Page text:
Friday, October 28, 2011

Risks of the Game

On Monday, following the memorial services for Indy 500 winner Dan Wheldon, who died last Sunday in the Indycar finale in Las Vegas, drivers and Indycar officials met to discuss how to make the sport safer.  They want to find better ways to protect the drivers.  But can it be done?

Wheldon died from blunt force trama to the head when his car went airborne in a 15-car melee that resulted in the former Indycar champion crashing headfirst into the retaining fence.  Doctors rushed to save Wheldon’s life, but his injuries were too severe.

Auto racing is dangerous, but motorsporting events aren’t the only high-risk sports. Ridge Barden, a 16-year-old lineman from John C. Birdlebough High School in New York, died after sustaining a hit in a varsity football game.  Barden was able to sit up on his own but complained of a bad headache.  He died in the ambulance en route to the hospital.  22-year-old Derek Sheely, starting fullback at Frostburg State University died in August at the Shock Trauma Center in Baltimore after he collapsed at football practice.  His father believed his death was due to a head injury.

In each case the argument is made for safer helmets.  But some doctors believe it isn’t the equipment that needs to change but rather our approach to sports.  Dr. Michael Williams of Lifebridge Health’s Sandra and Malcolm Berman Brain & Spine Institute believes that in many sports the evolution of helmets has reached its pinnacle.  Brain injuries are often caused by two factors, a trauma to the head and the impact of the brain hitting the inside of the skull.  A helmet can significantly reduce the damage caused by the former but it can do nothing to alleviate the latter.  Much like taking an egg and shaking it, there is no physical damage to the outside shell, but the yolk inside is clearly scrambled.

It seems that with the improvements to sports equipment has come a false sense of security.  Hockey, lacrosse and football injuries have not decreased because our players, amateur and professional, believe they can hit their opponent that much harder.  A result of trying to make our sports safer is that we’ve actually made them more dangerous.  Just ask Sydney Crosby of the Pittsburgh Penguins who continues to deal with post-concussion symptoms from head injuries sustained in January. 

Recent attempts by the NFL and other leagues to enforce tougher penalties for illegal hits is just the beginning of a change that needs to happen.  We need to remember that sports are dangerous and to pass that message on to the kids playing them.  Safety doesn’t just mean safer equipment, it also means safer practices.

Shawn Herne is the Chief Curator for the Babe Ruth Birthplace Foundation, Inc.

Friday, October 21, 2011

Monumental City Welcomes Number Five

            When I was growing up in Baltimore back in the 1950s, the city carried the moniker of ‘Monumental’ because it had more statues and monuments per capita than maybe any other US municipality. From the Washington Monument in Mt. Vernon to Battle Monument on Calvert Street, Baltimore’s marble and granite commemorations of glories past were notable and numerous.
            In recent times our monumental tradition has continued, expanded from its usual salutes to local politicians and military heroes by bronze tributes to iconic figures from Baltimore’s burgeoning world of sports.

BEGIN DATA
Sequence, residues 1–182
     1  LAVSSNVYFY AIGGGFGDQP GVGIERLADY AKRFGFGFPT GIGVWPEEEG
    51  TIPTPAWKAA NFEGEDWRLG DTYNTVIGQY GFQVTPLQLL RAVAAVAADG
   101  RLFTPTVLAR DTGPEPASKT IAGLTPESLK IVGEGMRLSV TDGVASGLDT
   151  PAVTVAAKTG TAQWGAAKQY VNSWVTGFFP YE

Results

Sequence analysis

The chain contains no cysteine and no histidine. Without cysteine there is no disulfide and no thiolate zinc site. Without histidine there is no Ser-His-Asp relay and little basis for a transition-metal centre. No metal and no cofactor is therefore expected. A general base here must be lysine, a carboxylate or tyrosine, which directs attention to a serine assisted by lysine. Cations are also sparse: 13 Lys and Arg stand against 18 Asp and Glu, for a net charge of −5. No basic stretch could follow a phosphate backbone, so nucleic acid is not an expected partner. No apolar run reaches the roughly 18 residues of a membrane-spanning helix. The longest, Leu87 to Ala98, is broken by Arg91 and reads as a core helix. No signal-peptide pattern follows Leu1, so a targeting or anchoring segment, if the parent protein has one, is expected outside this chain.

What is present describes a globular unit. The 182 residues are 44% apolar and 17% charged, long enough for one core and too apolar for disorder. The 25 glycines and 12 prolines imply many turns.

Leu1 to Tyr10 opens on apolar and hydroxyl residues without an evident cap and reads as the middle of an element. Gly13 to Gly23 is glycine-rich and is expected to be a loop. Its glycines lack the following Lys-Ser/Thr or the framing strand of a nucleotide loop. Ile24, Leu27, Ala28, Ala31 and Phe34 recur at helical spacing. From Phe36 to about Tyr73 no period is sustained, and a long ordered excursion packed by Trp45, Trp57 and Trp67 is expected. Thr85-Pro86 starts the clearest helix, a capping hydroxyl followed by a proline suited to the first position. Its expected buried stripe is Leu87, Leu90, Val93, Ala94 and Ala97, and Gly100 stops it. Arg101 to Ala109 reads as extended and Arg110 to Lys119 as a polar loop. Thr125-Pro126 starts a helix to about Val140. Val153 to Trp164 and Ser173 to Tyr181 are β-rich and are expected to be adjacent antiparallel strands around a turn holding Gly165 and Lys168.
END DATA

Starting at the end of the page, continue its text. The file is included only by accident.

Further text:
To wit: in 1995 a statue of George Herman Ruth was unveiled at Oriole Park at Camden Yards. It seemed fitting that Ruth, as the city’s most famous native son and the most celebrated name in international sports to this day, would be the first athlete so honored in Baltimore.
            Seven years later the Johnny Unitas statue became an important part of the M&T Bank Stadium landscape, a place where thousands of fans would come to mingle before Ravens’ games, forever mindful of what their high-topped quarterback meant to Baltimore, and to the NFL.
            But if Ruth and Unitas were so honored, wasn’t there someone equally deserving of a public gesture of permanent tribute? The answer, as any good Baltimore sportsperson can attest, is yes, of course, because if you honor the Babe and Johnny U, you have to do the same for baseball’s ‘human vacuum cleaner,’ Brooks Robinson.
            This Saturday, October 22, Baltimore’s third sports statue will be unveiled in the
Russell Street
plaza just north or Oriole Park, this one commemorating the greatest third baseman in Major League Baseball history. Brooks Robinson finally takes his iconic, rightful place with Ruth and Unitas.
            Ruth is important here because his rags-to-riches, unparalleled greatness uniquely demonstrates the hard-scrabble mettle of the blue-collar Baltimore from which he sprouted. Ruth illustrates Baltimoreans’ innately toughness, and their capacity for achieving the highest heights of any profession.
            Unitas and Brooks, while not native sons, did more through their breathtaking, hall-of-fame careers to change the dreadful profile of post WW2 Baltimore than any other athletes or citizens, before or since.
            As both men started their pro careers here in the middle 1950s, Baltimore was regarded as not much more than a rest stop between Philadelphia and Washington. But, quickly, Unitas and Robinson turned their respective Colts and Orioles into championship franchises that became the toast of the nation. In lightening fashion, the city they represented was re-branded as ‘Titletown, USA.’